Concise, critical reviews of books, exhibitions, and projects in all areas and periods of art history and visual studies

Browse Recent Book Reviews

Robert Bird, Christina Kiaer, and Zachary Cahill, eds.
Exh. cat. Milan: Mousse Publishing, 2018. 768 pp.; 365 b/w ills. Paper $30.00 (9788867492947)
Smart Museum of Art, University of Chicago, September 14, 2017–January 14, 2018.
Marking the centenary of the Russian Revolution, 2017 was a year rife with crises and controversies that cast 1917’s legacy as both strikingly familiar and impossibly remote. Alongside a rising tide of authoritarianism and Russia again donning the mantle of American adversary (with the charges led this time not by red-baiting conservatives, but by Democrats and liberal pundits seeking to remedy an election gone terribly wrong), alongside the ongoing fight for women’s rights and civil... Full Review
July 30, 2018
Thumbnail
Marcus Milwright
Edinburgh: Edinburgh University Press, 2017. 352 pp.; 14 b/w ills. Paper $39.95 (9781474409193)
Marcus Milwright’s Islamic Arts and Crafts: An Anthology stakes an implicit—and sometimes explicit—claim for the place of objects and their production in the eastern Mediterranean and the larger Iranian world. Following the author’s work on a related topic, An Introduction to Islamic Archaeology (2010), it illustrates his mastery of written sources as well as the diverse materials, processes, and objects they discuss. With substantial scholarly apparatus in the form of notes,... Full Review
July 27, 2018
Thumbnail
Morgan Pitelka and Alice Y. Tseng, eds.
Routledge Studies in the Modern History of Asia. New York: Routledge, 2016. 188 pp.; 29 b/w ills. Hardcover $116.00 (9781138186613)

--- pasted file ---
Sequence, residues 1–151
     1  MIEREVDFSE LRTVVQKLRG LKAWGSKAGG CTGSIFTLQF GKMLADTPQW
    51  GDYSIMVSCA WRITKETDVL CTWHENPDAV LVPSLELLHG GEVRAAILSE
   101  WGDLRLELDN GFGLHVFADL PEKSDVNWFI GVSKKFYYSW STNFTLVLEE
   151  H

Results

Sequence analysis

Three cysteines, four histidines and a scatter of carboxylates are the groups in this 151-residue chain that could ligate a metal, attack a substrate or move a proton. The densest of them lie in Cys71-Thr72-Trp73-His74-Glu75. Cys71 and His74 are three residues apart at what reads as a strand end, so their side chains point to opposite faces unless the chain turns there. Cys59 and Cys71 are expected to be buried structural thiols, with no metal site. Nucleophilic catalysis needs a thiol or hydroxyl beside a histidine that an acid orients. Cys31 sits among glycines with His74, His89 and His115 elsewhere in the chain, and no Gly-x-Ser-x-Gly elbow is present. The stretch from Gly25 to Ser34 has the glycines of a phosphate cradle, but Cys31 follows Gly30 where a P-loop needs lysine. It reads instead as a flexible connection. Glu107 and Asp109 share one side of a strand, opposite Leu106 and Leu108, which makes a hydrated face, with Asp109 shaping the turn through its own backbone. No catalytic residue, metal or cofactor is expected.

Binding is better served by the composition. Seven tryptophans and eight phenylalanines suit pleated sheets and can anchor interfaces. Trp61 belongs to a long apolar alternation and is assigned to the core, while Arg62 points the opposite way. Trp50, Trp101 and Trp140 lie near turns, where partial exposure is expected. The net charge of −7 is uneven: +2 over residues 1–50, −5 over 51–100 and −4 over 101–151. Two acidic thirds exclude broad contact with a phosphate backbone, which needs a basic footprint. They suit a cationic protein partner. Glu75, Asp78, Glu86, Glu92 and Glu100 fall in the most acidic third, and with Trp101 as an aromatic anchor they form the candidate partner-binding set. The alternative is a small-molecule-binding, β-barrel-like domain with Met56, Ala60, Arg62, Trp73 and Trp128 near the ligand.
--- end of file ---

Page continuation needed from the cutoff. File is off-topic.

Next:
What to do with a retired emperor? Soon after Emperor Akihito announced his intention to abdicate in April 2019, this question captured headlines across Japan. Not merely a response to the unusual circumstances—the last imperial retirement occurred in 1817—the inquiry was advanced as part of a bold appeal: so that he not overshadow his successor, Akihito should leave Tokyo for Kyoto. The proposal was perhaps the most ambitious of many made by Kyoto political groups in... Full Review
July 23, 2018
Thumbnail
Roger Gastman, Trina Calderon, and Caleb Neelon
Exh. cat. Berkeley: Gingko Press Inc., 2015. 354 pp.; 800 ills. Hardcover $49.95 (9781584236016)
Nora Burnett Abrams, ed.
Denver: MCA Denver, 2017. 128 pp. Cloth $24.95 (9781616895754)
Museum of Contemporary Art Denver, February 11–May 14, 2017
The stairwell leading down to the Museum of Contemporary Art Denver’s (MCA) first floor simulates the visual experience of a New York City subway. The walls are lined with <span... Full Review
July 20, 2018
Thumbnail
Thumbnail
Jennifer Doyle
Durham: Duke University Press, 2013. 232 pp.; 45 color ills. Paper $23.95 (9780822353133)
Diana Taylor
Durham: Duke University Press, 2016. 240 pp.; 74 ills. Paperback $24.95 (9780822359975)
Performance art has become a hot topic of research in art history, and it has surged in popularity judging by the number of performance art classes, conferences, and performance studies departments in UK and US universities. This review will consist of appraising two texts that reckon with performance: Diana Taylor’s Performance (2016) and Jennifer Doyle’s Hold It Against Me: Difficulty and Emotion in Contemporary Art (2013). Taylor, a performance studies and Spanish... Full Review